Leading Broken People

by Andy Wood on September 8, 2008

in Esteem, Leadership, Life Currency, Love, Words

A couple of weeks ago David Hayward, a pastor and gifted artist/cartoonist, posted this picture on his blog site, in a post titled “How I’m feeling about the church lately.”

(Used by permission)

(Used by permission)

I can relate.  For more than 30 years, it has been my privilege, my headache, my joy, and my nightmare to work with broken people or broken churches.  Prior to launching Turning Point Community Church in 2003, three of the four churches where I was senior pastor had experienced major divisions, open conflicts, forced termination of my predecessor, or some other kind of grief or pain.  Some had lived with the crud for so long, they’d arrived at the conclusion that this was somehow supposed to be normal.  “I’m sure it’s like this everywhere,” they’d intone.  “Oh, no it isn’t!” I’d scream inside, all the while smiling on the outside.

The brokenness isn’t limited to the organization.  David’s cartoon reminded me of something we used to proclaim loudly here.  Underneath the doorway leading into our rented facility, our church used to hang a banner that represented a passion and sense of calling for us.  Every Sunday, every worshipper at Turning Point walked under its message:

A Place to Begin Again.

I roughly estimated that for a long season, 80 percent of the people who arrived at Turning Point for the first time came here to heal.  Some came from broken marriages; others from broken lives of addictions or economic messes.  Many came bleeding from the most insidious wound of all – the church wound.

How do you lead people who are still shell-shocked from the battles they’d recently fought and lost?  How do you build an army of the aimless, or restore a sense of mission to someone who dares not dream again?  How do you offer a new kind of freedom to people who pace and act like a caged or wounded animal?  How to you offer care to people who were betrayed by the last guy to do that?

Then there are the organizations themselves?  How do you lead people who hate you for even showing up?  How do you live up to the expectations of others who see you as something of a savior from the frustrations of days gone by?  How do you lead people who love/like you, but can’t stand the other people in the room?

There are no magic formulas, and every individual or organization is different.  But here are some suggestions if you find yourself in a place of influence or authority:

Leading Broken People
You can find a biblical model for this in the book of 2 Timothy, where an aging, and soon-to-be dying Apostle writes to a burned-out, intimidated, close-to-broken disciple.  The way Paul communicated with Timothy is an extraordinary model for healing through leadership.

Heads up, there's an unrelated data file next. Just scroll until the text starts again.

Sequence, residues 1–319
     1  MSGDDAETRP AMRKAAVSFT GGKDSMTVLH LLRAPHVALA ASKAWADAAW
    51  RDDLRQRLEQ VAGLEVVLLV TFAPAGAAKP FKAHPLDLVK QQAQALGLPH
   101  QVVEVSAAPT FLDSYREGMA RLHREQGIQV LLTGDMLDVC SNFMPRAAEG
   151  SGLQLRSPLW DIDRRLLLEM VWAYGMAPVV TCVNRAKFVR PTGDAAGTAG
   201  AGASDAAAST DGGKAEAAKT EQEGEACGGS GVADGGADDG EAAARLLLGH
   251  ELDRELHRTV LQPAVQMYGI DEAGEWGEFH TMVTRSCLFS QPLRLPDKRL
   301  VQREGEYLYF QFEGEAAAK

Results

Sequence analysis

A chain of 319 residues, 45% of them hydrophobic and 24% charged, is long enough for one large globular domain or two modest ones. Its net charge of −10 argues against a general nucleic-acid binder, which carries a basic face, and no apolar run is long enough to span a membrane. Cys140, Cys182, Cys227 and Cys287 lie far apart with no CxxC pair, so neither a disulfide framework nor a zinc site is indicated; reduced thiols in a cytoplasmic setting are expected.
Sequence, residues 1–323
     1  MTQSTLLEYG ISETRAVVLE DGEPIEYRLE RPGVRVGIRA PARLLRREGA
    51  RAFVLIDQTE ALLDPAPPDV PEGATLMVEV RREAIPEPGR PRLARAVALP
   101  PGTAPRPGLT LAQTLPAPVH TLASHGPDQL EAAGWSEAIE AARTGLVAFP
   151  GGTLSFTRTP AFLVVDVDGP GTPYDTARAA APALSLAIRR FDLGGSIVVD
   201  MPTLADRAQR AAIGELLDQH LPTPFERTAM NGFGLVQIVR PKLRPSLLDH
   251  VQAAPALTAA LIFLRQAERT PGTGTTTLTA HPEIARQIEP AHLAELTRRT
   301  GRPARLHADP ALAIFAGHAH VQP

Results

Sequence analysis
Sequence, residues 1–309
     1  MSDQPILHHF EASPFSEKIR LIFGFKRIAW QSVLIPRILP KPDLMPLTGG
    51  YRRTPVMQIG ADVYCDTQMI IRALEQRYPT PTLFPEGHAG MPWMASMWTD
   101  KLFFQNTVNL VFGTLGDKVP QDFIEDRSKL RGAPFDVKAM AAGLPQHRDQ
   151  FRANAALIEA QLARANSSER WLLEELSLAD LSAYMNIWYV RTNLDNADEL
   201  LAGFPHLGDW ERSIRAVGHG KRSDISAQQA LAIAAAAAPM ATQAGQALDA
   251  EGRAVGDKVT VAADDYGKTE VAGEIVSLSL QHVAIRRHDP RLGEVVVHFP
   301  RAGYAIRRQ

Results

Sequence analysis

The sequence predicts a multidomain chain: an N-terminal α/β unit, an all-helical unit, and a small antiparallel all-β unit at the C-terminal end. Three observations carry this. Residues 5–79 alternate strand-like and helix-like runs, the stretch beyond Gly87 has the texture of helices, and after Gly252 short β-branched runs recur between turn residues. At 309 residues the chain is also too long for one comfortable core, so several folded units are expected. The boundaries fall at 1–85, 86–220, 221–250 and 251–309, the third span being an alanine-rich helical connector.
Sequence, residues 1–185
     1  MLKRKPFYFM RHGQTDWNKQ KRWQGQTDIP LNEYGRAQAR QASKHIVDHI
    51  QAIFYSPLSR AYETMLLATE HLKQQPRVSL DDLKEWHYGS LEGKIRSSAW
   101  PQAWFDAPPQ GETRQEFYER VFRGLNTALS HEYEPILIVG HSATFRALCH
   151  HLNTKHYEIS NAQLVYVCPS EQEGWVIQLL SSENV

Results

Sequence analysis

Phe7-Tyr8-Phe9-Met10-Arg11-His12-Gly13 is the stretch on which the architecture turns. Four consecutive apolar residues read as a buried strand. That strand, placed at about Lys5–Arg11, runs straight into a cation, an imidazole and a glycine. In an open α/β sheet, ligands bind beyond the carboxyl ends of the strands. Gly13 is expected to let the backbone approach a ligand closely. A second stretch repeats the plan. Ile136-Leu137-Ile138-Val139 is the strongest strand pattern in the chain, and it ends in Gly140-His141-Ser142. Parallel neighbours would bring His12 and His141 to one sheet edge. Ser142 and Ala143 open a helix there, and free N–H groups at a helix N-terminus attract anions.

1.  Build them up.
Paul knew there were some things Timothy needed to hear.  So do the life-scarred people in our trust, whether in churches, organizations, or individual relationships.  They need to hear things like,

  • I care.
  • I believe in you.
  • You are gifted.
  • You’re the real deal.
  • You are not alone.
  • You don’t have to be afraid.
  • Thank you.

Yes, I’m talking about words.  Christians often love quoting that proverb that “death and life are in the power of the tongue.”  We emphasize the “death” part, but we need to harness the life-giving power of encouraging, kind words.  I try to remind people on Sundays that they may be sitting next to somebody who hasn’t had a positive thing said to them all week.

2.  Call them out.
Paul knew that he would soon die, and for his young assistant, it was put-up-or-shut-up time.  So he began to ready Timothy for his solo flight.

Wounded people sometimes want to make a shrine to victimhood.  Part of the leadership task is to know when to comfort people in their pain, and when to make them uncomfortable enough to get moving again.  Sometimes the most loving thing you can do for someone who has been broken is to hand them the proverbial sword and shield and tell them it’s time to get up and get moving.

3. Show the way
“You have seen my example,” Paul said to Timothy.  Broken people need that.  They need to see healing in action.  Purpose in action.  Hope in action.  Forgiveness in action.  Vision in action.  They may not always be ready to respond immediately, but they will respond much more quickly to examples than they will to instructions.

4.  Inspire them to action.
Finally, Paul delivered a stirring charge.  Passionately, purposefully, he let Tim know he was ready to die –and that Timothy was ready to live and lead.

Broken people at first don’t want to charge back to the battlefield or anywhere else, for that matter.  If and when they do, they have a hard time believing that they have anything to offer.  Like Paul did, try putting them in charge of something significant.  Perhaps not permanently – just a project or challenge or event.  The task of the leader is to inspire the confidence that says, “By God’s grace, I can do this.”

Broken people need life shepherds.  You may or may not have a formal leadership or authority role.  Regardless, you can be an instrument of healing and renewal in people who have given up.

Organizations are another story – one we’ll look at tomorrow.

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